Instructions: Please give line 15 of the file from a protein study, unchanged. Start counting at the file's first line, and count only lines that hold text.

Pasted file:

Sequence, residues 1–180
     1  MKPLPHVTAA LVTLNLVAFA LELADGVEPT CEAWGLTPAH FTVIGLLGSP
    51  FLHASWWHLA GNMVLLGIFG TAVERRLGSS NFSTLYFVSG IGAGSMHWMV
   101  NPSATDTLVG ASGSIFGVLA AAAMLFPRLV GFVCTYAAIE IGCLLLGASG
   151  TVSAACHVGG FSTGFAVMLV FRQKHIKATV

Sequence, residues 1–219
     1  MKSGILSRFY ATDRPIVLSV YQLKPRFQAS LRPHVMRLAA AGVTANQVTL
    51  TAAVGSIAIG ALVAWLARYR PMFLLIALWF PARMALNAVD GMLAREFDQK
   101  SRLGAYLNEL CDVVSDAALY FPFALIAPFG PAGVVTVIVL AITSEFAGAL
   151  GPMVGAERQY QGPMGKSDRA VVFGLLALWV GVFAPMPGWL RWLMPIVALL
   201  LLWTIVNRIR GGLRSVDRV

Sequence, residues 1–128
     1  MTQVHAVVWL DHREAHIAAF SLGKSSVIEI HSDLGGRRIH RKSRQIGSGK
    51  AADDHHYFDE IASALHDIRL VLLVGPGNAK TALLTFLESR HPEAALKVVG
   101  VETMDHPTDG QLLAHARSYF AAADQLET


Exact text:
   101  VETMDHPTDG QLLAHARSYF AAADQLET